With an additional 2.4 million m3 of MDF capacity predicted to come on stream in Brazil during 2012-2015, in a market where demand is slowing, the development of the Latin American MDF industry is approaching a decisive moment.

Will the industry that has grown by more than €100m per year on average over the last decade eventually run out of steam, or will the Latin American MDF producers manage to stimulate further growth in their markets?

Recent activities show that the industry is taking action to reinvent its business to deal with a more mature market.

Geographical diversification
A major step in this direction occurred in June this year when Arauco acquired Flakeboard in the US, following its takeover of Pfleiderer’s US assets in 2011. This is the first step outside its home region by any Latin American MDF or particleboard producer.

Duratex’s acquisition of a minority share in the Colombian panel producer Tablemac earlier this summer, and Masisa’s recent acquisition of Rexcel in Mexico, can also be seen as attempts to achieve growth through geographical diversification.

Value added products
Almost no laminate flooring was produced in Latin America 10 years ago, but today production exceeds 12 million m2.

This is still a relatively small volume compared to other markets, but with an annual growth in production of 10% in 2006-10, the Latin American MDF industry seems to be betting on laminate flooring to drive future growth.

This growth will be strengthened by Arauco and Unilin, who joined forces in Brazil earlier this year.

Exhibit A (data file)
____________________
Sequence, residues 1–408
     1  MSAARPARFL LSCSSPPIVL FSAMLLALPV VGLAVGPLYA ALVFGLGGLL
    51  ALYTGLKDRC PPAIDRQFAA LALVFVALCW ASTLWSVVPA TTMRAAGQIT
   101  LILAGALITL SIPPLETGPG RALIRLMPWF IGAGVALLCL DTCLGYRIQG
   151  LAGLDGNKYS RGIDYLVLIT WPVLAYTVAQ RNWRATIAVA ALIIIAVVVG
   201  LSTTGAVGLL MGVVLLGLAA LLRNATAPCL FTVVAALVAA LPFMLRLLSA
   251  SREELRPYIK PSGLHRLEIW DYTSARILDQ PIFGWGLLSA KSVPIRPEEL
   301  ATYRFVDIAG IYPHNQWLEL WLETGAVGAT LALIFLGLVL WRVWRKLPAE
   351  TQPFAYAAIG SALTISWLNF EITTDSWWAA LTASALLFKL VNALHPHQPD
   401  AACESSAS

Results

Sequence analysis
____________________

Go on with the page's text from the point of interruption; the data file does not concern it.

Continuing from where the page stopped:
Under the joint venture agreement, Arauco’s HDF will be used for the production of ‘Floorest’- and ‘Quick-Step’-branded laminate flooring, while Unilin will bring much-needed floor coating and surface protection technology, as well as the development of new products.

Other value added products, for example moisture resistant and lightweight panels, etc, still only constitute some 5% of the total MDF market in Latin America, while the speciality MDF market in western Europe is well above 20% of the total MDF market.

As the Latin American market matures, the share of speciality products is destined to increase.

Additionally, the more value that is added to standard MDF, the bigger the available geographical market becomes for the Latin American producers as the transport economics improve.

With easy access to cheap wood fibre supply, Latin American MDF producers could position themselves to supply markets currently well outside their geographical reach.

Pöyry believes that Brazil will continue to be an exciting market for upstream suppliers in the MDF value chain (such as chemicals, machinery, surfacing materials) but innovation and differentiation will become more important as the market becomes more competitive and growth slows.

Although the economic outlook will remain challenging in the short-to-medium term, we can be certain that, whatever happens, Latin American companies will be increasingly important players in the reshaping of the global MDF industry.